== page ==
The point is, why talk of individual match-winners in a game played by two teams of 11 each? Would we not hail Tendulkar's innings in Chennai as match-winning if the others had contributed just a little? Twenty-five of his centuries have come in the first innings, including the 126 in the Chennai victory over Australia in 2001, but didn't they matter in the eventual result? Winning matches in a team sport is about making a huge contribution, not just hitting the winning run or taking the last wicket.

Brian Lara's best is not the 400 he got recently in a drab draw against England.It's the unbeaten 153 at Bridgetown that defied and defeated a mighty Australian team.




  • 438 wickets in 91 Tests against Kapil's 434 in 131
  • Third fastest to 400 after Muralitharan and Hadlee
  • 166 wickets in 44 Tests abroad, defending low scores
  • 203 wickets in 29 Test wins, with 15 five-wicket hauls
  • Pioneered new bowling genre, expanded spin bowling



At the same time, the statistics are so loaded in Kumble's favour that little explaining is needed. His 438 wickets have come in 91 Tests. Kapil Dev needed a whole 40 more matches for his 434. Kumble averages nearly four per Test overseas despite seldom having the luxury of being backed by runs from his own batsmen. When the batsmen did give him that luxury, as in the last tour to Australia, he responded with 24 wickets in three Tests.

Kumble has participated in 29 Test victories, in which he has taken 203 wickets. No other Indian bowler has come to within 100 wickets of that. Fifteen of his 28 five-wicket hauls came in matches won. Only three of Kapil's 23 five-wicket hauls came in victories. Bishen Singh Bedi's entire career yielded only 14 five-wicket hauls.

These are the facts and we need to acknowledge them. But it's not just about the numbers. The manner in which Tendulkar and Kumble have achieved them tells a bigger story. Both had to perform under the enormous burden of being, for long periods, the ones the team looked up to and played around. Yet, the match-fixing controversy did not touch either. In fact, it is said that the bookies largely refrained from betting so long as Tendulkar was at the crease.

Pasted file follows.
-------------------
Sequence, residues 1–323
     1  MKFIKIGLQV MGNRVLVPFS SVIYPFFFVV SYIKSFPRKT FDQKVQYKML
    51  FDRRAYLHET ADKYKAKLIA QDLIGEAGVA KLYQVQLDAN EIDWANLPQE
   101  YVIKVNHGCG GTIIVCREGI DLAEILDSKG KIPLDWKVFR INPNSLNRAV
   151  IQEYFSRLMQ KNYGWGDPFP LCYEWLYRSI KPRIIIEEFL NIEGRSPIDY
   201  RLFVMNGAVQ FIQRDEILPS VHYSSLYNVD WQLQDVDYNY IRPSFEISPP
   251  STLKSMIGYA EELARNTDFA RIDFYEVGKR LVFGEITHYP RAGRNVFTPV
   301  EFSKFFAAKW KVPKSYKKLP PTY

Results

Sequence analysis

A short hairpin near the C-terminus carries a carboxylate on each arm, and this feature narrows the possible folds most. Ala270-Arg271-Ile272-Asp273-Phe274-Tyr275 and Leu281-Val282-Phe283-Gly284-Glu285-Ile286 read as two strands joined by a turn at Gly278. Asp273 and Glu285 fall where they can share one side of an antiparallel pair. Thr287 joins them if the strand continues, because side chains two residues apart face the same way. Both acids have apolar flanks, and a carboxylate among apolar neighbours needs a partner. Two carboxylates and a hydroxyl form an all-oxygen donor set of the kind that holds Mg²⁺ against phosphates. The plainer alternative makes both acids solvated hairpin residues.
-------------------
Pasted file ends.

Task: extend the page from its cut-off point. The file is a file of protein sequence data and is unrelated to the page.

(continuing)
And their legacies are already visible. Gavaskar was the first Indian batsman to earn world-wide respect, largely for the way he faced fast bowlers. Sachin is the first to be feared by opponents all over the world. He has added new dimensions to the game. He showed the world how to play against quality spin in the 1998 taming of Warne. Opposing captains don't yet know how to set the field for the paddle sweep, which is like a straight drive played with full rotation in the opposite direction. He has used the backfoot off-drive against Glenn McGrath with great success. Hitherto, the shot had been employed only against finger spinners as a forcing shot. In the last tour to South Africa, Sachin showcased the upper cut over the slips. The cut is now being used by the others in one-day matches.

Kumble is more misunderstood. For some unfathomable reason, we have wanted him to be like the great spinners of the 1960s and '70s. At our most charitable, we could accept a Chandrashekhar clone and no more. But Kumble is not any of those. His bowling genre is entirely his own. It is a genre of brisk pace, unexpected bounce and subtle variations. If anything, he should be celebrated for being a pioneer, instead of being panned for not being like the others. And we should be glad he tried to bowl like Warne only briefly, before returning to his strengths. The question is not whether he can turn the ball, but whether he needs to.